We have created a fully automated webserver for the prediction of LBT insertions onto existing protein structures. The underlying method uses a coarse-grained backbone+Cβ representation of the protein and samples on the backbone dihedral angles. The method predicts the proper conformation of the LBT tag with respect to the parent protein in existing fusion crystal structures. On multiple membrane protein systems, the method’s prediction of feasibility of LBT insertion on various sites qualitatively agree with the experimental data. The method currently reports several metrics to assess the quality of LBT insertion in a specific site in a parent protein. We expect the method to serve as a useful computational tool for experimentalists by helping them select reasonable sites in a given parent protein where the LBT insertion will likely be successful.
- Given a parent protein where the LBT tag is to be inserted, the method will predict the likelihood of a successful LBT insertion at a certain site in the parent protein.
- Given a parent protein and a site of insertion, the method will predict the proper conformation of the parent+LBT fusion conformation.
This webserver was developed by Aashish Adhikari from Tobin Sosnick’s group at the University of Chicago. Please contact us with questions or suggestions using the comments form below.
In collaboration with Anatrace
, we are delighted to announce travel and poster awards for student and postdoctoral fellows attending Frontiers in Membrane Protein Structural Dynamics 2014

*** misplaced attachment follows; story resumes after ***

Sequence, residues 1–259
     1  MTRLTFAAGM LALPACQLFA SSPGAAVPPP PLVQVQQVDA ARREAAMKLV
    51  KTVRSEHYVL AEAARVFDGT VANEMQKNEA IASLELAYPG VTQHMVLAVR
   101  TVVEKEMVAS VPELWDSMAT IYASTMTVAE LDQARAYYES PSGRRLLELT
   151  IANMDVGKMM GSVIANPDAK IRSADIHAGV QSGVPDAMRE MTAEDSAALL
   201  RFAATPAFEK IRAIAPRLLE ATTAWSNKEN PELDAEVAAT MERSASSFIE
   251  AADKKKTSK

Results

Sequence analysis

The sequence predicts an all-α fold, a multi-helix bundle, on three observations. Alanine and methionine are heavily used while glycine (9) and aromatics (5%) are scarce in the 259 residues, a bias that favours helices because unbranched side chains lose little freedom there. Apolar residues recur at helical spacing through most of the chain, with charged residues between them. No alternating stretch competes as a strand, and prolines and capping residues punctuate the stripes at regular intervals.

Four travel awards ($500) and two poster prizes will be decided on the basis of merit.
Anatrace is a privately owned business which specializes in the production of high-purity detergents, lipids, customs. Well regarded as top performers for membrane protein structural biology, Anatrace products are chosen for their uniquely pure molecules – and the exacting chemistry behind them.
Eligibility: graduate students or post-docs with submitted posters.
How to apply: fill out this form.
Deadline: Friday, May 2nd, 2014.
Announcements about awards will be made during the meeting. If you have any questions, please contact us at firstname.lastname@example.org.
Note: submitting a poster presentation is mandatory for being considered for this award. Student / participant poster abstracts are due by Friday, May 2nd, 2014. You can submit a poster abstract here.
The Membrane Protein Structural Dynamics Consortium (MPSDC) is hosting two workshops on computational modeling and simulation, and spectroscopy methods. These will take place at the University of Chicago campus prior to the conference. Both of these workshops are designed for young investigators to learn some of the cutting edge tools and methodologies that are frequently used in contemporary membrane proteins research.